Using ground probes in aquariums

Discussion in 'Reef Aquarium Discussion' started by Brew12, Oct 20, 2016.

  1. Brew12

    Brew12 Electrical Gru Staff Member Team R2R R2R Supporter R2R Excellence Award Reef Squad Leader Partner Member 2019 Reef Tank 365 Build Thread Contributor Article Contributor North Alabama Reef Club

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    No. When I used that system the powerbar plugged into the wall. 4 of the Apex outlets controlled the 4 GFCI receptacles. That way a single ground wouldn't take out more than the failed device.
     
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  2. dwwataz

    dwwataz nuttier than a squirrel turd R2R Supporter R2R Excellence Award Build Thread Contributor

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    That's what I figured. Seemed like it would have defeated the purpose. Thank you
     
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  3. TinyChocobo

    TinyChocobo Well-Known Member R2R Supporter Build Thread Contributor

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    Salt water is so much more conductive than fresh and that said I have a grounding probe in my sump. I don't have anything electronic in the display tank itself - I use MP40's so that the electronics/power are on the outside and the wet side has no power.

    My heaters, skimmer, pumps, etc are all in my sump where my grounding probe is. I mean - it was as simple as plugging it into a good grounded receptacle and putting the other end in the tank.
     
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  4. dwwataz

    dwwataz nuttier than a squirrel turd R2R Supporter R2R Excellence Award Build Thread Contributor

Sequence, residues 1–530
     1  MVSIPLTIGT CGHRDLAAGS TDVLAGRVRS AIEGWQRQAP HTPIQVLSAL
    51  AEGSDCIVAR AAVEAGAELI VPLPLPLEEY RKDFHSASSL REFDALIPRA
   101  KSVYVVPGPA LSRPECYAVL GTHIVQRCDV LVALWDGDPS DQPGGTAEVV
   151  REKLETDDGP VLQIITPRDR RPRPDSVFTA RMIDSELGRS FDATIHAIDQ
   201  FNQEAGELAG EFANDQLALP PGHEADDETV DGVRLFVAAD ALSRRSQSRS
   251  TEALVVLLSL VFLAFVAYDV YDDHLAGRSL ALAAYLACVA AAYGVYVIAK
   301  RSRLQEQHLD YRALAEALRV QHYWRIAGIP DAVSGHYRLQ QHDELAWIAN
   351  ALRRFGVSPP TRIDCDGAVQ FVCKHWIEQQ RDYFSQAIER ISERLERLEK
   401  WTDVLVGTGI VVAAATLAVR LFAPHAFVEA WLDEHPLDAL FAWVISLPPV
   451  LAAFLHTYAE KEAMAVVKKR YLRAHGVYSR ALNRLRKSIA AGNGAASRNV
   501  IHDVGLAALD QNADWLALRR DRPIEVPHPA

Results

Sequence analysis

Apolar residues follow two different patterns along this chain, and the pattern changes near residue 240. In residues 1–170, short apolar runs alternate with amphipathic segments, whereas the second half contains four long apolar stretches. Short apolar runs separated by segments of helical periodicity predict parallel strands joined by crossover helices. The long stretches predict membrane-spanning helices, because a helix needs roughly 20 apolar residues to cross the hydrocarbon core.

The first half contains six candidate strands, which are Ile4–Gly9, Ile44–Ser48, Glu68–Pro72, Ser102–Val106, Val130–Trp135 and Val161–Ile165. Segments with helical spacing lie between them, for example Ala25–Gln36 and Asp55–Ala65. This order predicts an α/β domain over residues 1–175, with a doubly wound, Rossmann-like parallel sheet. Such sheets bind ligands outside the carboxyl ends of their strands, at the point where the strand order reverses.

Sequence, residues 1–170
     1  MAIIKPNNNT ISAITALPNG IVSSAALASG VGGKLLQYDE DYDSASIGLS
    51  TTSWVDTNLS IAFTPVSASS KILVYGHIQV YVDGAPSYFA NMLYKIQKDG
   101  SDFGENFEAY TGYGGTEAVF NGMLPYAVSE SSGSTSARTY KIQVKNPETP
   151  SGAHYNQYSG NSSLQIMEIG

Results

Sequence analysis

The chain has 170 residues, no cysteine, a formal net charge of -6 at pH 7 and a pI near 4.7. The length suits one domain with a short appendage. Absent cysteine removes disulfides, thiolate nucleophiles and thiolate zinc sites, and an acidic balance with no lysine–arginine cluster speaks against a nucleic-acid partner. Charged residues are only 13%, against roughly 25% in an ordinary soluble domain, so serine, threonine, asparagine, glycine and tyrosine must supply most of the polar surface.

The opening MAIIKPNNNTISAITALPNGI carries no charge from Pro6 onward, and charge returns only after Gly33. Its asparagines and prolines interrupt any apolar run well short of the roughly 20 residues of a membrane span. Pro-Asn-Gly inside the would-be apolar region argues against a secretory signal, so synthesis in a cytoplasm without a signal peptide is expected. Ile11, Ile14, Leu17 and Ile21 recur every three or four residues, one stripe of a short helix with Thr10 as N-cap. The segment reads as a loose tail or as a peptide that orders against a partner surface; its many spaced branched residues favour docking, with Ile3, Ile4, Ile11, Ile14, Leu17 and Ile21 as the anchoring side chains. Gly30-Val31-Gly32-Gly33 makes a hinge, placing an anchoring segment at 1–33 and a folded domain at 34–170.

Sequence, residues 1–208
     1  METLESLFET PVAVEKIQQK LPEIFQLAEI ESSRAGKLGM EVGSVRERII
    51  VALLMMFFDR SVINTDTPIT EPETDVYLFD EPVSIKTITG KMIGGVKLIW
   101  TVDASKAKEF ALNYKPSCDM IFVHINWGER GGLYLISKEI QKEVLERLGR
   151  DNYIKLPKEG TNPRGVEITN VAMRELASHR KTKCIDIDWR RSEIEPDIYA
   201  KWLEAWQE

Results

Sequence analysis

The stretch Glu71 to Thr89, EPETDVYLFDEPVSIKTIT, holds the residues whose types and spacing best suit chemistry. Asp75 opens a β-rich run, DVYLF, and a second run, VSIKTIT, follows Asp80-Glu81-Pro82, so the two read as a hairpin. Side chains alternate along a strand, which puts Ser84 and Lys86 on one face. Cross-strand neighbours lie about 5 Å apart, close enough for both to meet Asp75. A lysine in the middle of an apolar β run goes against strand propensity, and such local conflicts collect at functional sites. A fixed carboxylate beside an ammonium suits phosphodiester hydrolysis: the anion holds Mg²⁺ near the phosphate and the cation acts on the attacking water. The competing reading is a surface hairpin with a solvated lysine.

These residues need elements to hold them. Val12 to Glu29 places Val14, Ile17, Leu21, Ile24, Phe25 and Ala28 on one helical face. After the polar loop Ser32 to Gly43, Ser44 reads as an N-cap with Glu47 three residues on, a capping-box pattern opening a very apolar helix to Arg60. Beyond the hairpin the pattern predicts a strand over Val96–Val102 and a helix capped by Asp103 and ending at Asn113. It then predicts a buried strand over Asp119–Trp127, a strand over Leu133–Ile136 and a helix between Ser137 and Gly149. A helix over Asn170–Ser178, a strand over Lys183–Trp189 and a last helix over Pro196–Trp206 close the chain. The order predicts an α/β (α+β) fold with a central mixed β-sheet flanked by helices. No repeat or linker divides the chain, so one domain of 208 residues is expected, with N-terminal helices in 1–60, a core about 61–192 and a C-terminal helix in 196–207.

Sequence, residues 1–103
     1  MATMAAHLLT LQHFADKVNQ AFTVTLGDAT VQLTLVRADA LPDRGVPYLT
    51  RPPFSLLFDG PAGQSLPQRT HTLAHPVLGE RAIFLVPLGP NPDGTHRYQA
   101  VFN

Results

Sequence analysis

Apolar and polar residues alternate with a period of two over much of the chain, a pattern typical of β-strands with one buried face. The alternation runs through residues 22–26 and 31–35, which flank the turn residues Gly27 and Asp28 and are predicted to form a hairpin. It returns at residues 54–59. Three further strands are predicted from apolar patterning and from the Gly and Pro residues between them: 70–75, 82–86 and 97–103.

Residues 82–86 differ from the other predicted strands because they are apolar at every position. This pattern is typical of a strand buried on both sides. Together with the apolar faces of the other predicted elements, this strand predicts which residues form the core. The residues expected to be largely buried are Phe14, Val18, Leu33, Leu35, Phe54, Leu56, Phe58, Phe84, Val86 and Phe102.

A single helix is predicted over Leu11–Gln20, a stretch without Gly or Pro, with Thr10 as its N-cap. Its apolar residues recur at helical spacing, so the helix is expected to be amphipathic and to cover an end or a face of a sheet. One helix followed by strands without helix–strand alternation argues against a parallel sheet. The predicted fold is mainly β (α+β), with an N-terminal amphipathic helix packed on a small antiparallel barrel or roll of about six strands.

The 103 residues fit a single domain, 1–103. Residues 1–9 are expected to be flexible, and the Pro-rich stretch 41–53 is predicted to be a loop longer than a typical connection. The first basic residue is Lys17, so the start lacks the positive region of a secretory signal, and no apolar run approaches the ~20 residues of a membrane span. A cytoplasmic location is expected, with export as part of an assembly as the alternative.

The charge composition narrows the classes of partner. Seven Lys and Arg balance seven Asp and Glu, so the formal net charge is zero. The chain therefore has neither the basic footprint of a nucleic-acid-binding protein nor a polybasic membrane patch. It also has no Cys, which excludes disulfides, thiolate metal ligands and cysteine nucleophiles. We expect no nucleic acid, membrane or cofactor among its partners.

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    Could 14 ACV cause twitching/scratching/yawning?

    I just finished hypo/ttm on some fish and the last 2-3 days they're starting to show those symptoms. I checked voltage the other day (because I'd found a new power head leaking 25v in a different qt) and it was below 1v, symptoms presented and voltage is now at 13-14v.
     
  5. Brew12

    Brew12 Electrical Gru Staff Member Team R2R R2R Supporter R2R Excellence Award Reef Squad Leader Partner Member 2019 Reef Tank 365 Build Thread Contributor Article Contributor North Alabama Reef Club

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    I'd say it is possible, but not sure how likely it is. If the power head is actually bad and it isn't induced voltage it could be releasing toxins into the tank. That could also cause these symptoms.

    I would also check for flukes if you haven't already done a FW dip.
     
  6. dwwataz

    dwwataz nuttier than a squirrel turd R2R Supporter R2R Excellence Award Build Thread Contributor

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    Yeah, it was a stretch. I did a dip this morning and found nothing. I'm afraid a droplet made it into qt from ttm.
     
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  7. Ulee

    Ulee Member

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    picking one up tomorrow, no excuse
     
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  8. cboltsd01

    cboltsd01 Active Member

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    Any idea of which one can be bought on amazon?
     
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  9. jasonrusso

    jasonrusso Valuable Member Build Thread Contributor

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    Go to Amazon and search "Aquarium ground probe."
     
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  10. Genomecop

    Genomecop Active Member R2R Supporter

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    Amazing thread.
     
  11. catmonaco

    catmonaco Member